In a statement on Sunday, Trinity United Church of Christ in Chicago defended the Reverend Jeremiah Wright, saying
nearly three weeks before the 40th commemorative anniversary of the murder of the Reverend Dr. Martin Luther King Jr., the Reverend Dr. Jeremiah A. Wright Jr.’s character is being assassinated in the public sphere because he has preached a social gospel on behalf of oppressed women, children and men in America and around the globe . . . It is an indictment of Dr. Wright’s ministerial legacy to present his global ministry within a 15- or 30-second sound bite.
I’m all in favor of seeing Dr. Wright’s “ministerial legacy” presented in more than a 30-second sound bite. More rather than less scrutiny on what Wright has said and done over the years is certainly welcome. I for one am eager to see Dr. Wright’s oeuvre. Whether that puts Reverend Wright in a better or worse light remains to be seen.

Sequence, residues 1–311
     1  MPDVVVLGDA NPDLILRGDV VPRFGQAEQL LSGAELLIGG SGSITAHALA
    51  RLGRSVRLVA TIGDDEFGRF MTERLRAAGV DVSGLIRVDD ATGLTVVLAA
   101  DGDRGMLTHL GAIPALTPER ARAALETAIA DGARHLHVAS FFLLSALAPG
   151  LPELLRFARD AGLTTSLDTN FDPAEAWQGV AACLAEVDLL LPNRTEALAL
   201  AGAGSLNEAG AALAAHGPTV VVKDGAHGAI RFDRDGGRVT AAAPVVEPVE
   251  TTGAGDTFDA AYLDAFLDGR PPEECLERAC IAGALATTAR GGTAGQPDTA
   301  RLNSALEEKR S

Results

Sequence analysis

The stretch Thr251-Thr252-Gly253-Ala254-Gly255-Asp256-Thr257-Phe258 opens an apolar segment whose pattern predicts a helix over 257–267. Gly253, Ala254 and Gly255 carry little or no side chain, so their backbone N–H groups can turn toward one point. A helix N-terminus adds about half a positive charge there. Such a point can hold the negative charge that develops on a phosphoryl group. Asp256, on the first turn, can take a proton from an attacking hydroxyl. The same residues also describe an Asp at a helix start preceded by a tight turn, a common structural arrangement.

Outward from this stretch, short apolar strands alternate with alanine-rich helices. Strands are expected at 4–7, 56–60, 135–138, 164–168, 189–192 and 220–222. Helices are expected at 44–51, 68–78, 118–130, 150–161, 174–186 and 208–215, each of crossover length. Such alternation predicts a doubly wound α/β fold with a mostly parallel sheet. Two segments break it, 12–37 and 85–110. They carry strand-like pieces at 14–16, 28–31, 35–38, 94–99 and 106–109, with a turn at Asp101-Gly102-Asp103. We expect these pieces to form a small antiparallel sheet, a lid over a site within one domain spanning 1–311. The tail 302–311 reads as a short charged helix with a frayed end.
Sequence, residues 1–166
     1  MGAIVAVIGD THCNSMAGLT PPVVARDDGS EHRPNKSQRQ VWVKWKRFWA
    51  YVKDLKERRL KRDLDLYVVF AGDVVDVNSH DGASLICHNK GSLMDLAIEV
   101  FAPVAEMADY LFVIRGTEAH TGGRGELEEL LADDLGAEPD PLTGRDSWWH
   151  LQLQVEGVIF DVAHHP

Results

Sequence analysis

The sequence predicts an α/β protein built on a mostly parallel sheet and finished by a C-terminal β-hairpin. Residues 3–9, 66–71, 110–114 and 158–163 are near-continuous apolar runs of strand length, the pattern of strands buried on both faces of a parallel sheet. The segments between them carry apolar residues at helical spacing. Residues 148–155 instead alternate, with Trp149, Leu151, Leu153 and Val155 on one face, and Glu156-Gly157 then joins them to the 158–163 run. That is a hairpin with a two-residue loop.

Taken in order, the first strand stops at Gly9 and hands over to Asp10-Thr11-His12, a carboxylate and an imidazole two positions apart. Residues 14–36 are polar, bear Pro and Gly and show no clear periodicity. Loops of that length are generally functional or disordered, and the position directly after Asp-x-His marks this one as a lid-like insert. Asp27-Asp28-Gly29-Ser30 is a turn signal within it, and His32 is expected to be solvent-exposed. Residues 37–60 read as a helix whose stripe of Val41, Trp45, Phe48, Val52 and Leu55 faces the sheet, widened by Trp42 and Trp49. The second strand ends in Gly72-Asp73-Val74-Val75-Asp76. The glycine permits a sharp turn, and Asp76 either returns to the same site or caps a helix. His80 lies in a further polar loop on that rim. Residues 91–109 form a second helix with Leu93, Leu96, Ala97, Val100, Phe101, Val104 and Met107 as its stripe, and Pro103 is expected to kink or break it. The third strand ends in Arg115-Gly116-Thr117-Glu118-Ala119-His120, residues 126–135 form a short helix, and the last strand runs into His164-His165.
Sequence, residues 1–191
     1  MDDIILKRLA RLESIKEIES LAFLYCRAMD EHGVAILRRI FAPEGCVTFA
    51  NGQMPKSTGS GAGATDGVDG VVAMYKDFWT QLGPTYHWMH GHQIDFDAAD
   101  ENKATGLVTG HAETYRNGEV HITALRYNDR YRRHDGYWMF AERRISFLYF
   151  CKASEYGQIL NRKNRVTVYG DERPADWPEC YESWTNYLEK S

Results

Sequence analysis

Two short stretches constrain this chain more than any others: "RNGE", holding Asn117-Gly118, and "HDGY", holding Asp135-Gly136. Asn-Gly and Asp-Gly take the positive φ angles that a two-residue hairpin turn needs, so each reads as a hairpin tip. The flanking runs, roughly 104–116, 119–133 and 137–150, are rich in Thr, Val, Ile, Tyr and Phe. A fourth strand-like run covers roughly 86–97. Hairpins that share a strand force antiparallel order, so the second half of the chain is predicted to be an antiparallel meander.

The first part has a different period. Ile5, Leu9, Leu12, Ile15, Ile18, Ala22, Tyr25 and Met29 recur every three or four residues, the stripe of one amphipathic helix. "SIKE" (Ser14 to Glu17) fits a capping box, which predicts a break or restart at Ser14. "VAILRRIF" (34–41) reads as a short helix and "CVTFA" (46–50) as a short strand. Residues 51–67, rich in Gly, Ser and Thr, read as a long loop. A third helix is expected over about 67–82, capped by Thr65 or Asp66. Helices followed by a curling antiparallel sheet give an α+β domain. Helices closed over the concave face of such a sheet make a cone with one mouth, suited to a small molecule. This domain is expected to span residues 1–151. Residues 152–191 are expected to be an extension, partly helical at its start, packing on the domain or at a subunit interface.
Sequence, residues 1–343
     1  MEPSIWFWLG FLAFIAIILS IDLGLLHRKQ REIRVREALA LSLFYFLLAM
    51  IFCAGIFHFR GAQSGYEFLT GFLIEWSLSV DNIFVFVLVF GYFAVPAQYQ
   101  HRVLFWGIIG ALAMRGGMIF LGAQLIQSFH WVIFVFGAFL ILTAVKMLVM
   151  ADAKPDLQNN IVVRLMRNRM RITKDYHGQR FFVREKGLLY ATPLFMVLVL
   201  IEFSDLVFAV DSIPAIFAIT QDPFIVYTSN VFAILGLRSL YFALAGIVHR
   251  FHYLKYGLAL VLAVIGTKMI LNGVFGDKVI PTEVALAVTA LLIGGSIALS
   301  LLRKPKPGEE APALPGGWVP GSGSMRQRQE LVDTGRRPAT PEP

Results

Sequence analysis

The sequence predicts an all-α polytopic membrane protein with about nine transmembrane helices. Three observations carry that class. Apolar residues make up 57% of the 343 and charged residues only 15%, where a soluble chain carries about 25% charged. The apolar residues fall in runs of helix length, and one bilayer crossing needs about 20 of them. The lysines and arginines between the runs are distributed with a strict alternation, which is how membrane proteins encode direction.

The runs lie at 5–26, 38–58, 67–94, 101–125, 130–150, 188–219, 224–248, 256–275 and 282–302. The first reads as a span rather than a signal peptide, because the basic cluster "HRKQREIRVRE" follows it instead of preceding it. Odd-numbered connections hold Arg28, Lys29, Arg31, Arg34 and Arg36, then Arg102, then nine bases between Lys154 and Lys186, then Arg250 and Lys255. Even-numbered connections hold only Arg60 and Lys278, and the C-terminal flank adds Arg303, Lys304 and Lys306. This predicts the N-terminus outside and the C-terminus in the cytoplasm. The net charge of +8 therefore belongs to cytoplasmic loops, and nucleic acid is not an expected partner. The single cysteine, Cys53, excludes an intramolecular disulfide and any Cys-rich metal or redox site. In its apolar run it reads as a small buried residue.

Beyond that, the comparison to Dr. King is not a good one for Reverend Wright. Dr. King, after all, spoke about the “magnificent words” of the Constitution and the Declaration of Independence, describing them as a “a promissory note to which every American was to fall heir.” King spoke about the Emancipation Proclamation as a “momentous decree [that] came as a great beacon light of hope to millions of Negro slaves who had been seared in the flames of withering injustice.” And King said, “Let us not seek to satisfy our thirst for freedom by drinking from the cup of bitterness and hatred.”
The thrust of Dr. King’s teaching was that America was falling short of its promise, which it most surely was. But King understood that America, perhaps alone among nations, was the place where the promissory note could be fulfilled.
Reverend Wright is preaching a different message and a different social gospel than did King. Both speak about the liberation of the poor and the dispossessed. But King did not hate America and did not pray for its damnation. He did not celebrate in its wounds. He did not wish it harm. He did not propagate nutty conspiracy theories. And he did not drink from the cup of bitterness and hatred. It appears Reverend Wright does. That is why Barack Obama has a problem with his pastor-and why the comparison to Dr. King can only hurt both men.